This is the fourth and final article in this series — the home stretch. My definition of “roleplaying-intensive” is in Part 1, along with tips 1-3; tips 4-6 are in Part 2 and tips 7-9 are in Part 3.)

10. Driftable Mechanics

(This topic was suggested by Gnome Stew reader Irda Ranger — excellent suggestion, IR.)

Drift” just means taking an element — usually a mechanic — from one RPG and using it in another RPG. Sometimes that involves conversion from one system to the other, and sometimes it’s just a straight-up graft from system A to system B, with no changes to the element itself. If you like to tinker, chances are you’ve drifted something before — but you might not have done it specifically with roleplaying in mind.

When drifting a mechanic to amp up a roleplaying-intensive game, you should look for a game element that:

  • Is specifically related to roleplaying.
  • Ideally, ties roleplaying to a mechanical reward or benefit.
  • Is fairly simple.
  • Worked well in the source game, and seems like it would fit well in the destination game.

Burning Wheel, Luke Crane’s excellent indie fantasy RPG, provides two great examples of potential driftable mechanics.

The first, used by a friend of mine back in Michigan, is its system of Beliefs and Instincts. Beliefs are character traits that, when used in conjunction with appropriate roleplaying, earn you a bonus to a roll (in BW, and extra die); Instincts are things so ingrained in a PC that she does them automatically, like “Always sit with my back to a wall,” or “When danger is near, my sword is always drawn.” Instincts are a combination protective measure against “gotcha” GMs (as in, “You didn’t say your sword was drawn…” — delivered in a whiny, nasal tone, of course) and outward declaration of the roleplaying elements of a character, rolled up with a minor mechanical benefit.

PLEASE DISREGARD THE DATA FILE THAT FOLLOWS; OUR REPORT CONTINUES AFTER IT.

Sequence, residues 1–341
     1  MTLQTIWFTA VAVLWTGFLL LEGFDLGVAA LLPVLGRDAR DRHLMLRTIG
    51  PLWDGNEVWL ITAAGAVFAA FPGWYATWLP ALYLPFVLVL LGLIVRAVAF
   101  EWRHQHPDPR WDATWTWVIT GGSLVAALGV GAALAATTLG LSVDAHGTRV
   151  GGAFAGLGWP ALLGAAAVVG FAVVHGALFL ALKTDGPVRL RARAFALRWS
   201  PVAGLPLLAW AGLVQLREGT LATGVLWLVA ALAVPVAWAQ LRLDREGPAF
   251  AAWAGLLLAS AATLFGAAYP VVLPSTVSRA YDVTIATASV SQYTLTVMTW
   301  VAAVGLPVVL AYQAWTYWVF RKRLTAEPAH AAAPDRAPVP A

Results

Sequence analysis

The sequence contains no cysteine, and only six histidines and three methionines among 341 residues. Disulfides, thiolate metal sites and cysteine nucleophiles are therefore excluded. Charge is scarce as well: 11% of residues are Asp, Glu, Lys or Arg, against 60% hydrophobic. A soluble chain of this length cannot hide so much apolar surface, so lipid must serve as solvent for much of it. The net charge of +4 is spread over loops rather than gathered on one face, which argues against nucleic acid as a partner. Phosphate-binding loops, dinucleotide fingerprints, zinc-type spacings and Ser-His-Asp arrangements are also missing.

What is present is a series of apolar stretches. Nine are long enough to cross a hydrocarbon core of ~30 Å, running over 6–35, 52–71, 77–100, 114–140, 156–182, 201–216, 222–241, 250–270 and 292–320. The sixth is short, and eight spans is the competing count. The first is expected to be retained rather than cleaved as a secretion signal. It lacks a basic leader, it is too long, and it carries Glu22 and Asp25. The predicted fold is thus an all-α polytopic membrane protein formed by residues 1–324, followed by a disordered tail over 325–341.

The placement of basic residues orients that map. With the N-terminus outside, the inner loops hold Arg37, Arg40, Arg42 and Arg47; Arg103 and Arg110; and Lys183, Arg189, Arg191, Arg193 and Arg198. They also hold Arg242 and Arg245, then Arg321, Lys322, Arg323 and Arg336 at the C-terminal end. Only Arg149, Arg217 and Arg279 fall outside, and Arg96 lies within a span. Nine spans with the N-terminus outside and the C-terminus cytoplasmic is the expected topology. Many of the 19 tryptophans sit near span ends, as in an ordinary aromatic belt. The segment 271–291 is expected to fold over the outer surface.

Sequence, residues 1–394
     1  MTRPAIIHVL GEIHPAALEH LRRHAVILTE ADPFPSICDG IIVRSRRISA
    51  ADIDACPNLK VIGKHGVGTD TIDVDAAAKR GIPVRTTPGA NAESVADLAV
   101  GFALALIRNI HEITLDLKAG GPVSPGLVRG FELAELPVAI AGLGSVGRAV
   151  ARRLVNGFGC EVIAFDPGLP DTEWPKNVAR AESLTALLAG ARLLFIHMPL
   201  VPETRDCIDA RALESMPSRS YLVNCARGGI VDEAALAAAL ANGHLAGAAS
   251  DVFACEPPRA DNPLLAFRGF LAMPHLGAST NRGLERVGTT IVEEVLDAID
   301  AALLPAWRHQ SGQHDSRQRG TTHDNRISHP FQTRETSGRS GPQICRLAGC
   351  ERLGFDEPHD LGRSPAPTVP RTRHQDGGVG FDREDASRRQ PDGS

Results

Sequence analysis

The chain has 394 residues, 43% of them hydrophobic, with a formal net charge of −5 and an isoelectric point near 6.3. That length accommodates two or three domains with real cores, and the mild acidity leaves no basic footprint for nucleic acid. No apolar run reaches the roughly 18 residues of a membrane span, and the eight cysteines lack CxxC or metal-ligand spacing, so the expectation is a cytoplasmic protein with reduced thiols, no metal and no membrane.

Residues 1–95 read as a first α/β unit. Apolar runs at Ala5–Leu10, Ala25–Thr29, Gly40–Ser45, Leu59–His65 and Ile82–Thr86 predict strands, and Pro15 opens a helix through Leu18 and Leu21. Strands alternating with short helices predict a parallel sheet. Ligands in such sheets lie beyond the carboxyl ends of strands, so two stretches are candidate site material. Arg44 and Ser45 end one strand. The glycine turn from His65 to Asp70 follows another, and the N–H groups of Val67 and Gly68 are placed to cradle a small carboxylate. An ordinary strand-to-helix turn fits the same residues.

The second is BW’s Duel of Wits — which is hands-down one of my favorite aspects of the game. It’s a set of detailed rules for engaging in PC vs. PC or PC vs. NPC debates, and while that might initially sound slightly less exciting than watching paint dry, the DoW has been the highlight of nearly every BW game I’ve ever played.

The key with the DoW mechanics is that they codify the outcome in game terms (both parties agree on what’s at stake, and the loser must abide by those terms — or escalate to violence), as well as providing rules for the inidividual debate maneuvers — and most importantly for our purposes, simple rules for getting bonuses to your rolls based on roleplaying. They also encourage everyone at the table to take one side or the other (the players debating the GM wouldn’t be nearly as fun), and the only way to participate mechanically is to participate in the roleplaying, as well.

Both Beliefs/Instincts and the Duel of Wits are self-contained systems that can be drifted into other games without breaking anything. Beliefs/Instincts need only a minor tweak to fit the resolution mechanics of the destination game, while the DoW would require some elbow-grease to adapt successfully.

11. Metagame Discussion

Broadly speaking, there are three schools of thought when it comes to metagame discussion:

  • Oh god, metagaming! It burns! I know of at least one group that has a metagame comment cup where players have to deposit a quarter if they speak out of character, and another game where everyone puts a hand on their heads when they want to speak OOC. I shit you not.
  • The wide middle ground — the Midwest of metagame discussion. This covers most groups I’ve gamed with: For the most part, everyone tries to talk in character as much as possible, but there’s no hard and fast rule and no penalties for drifting into metagame chatter. This usually works OK.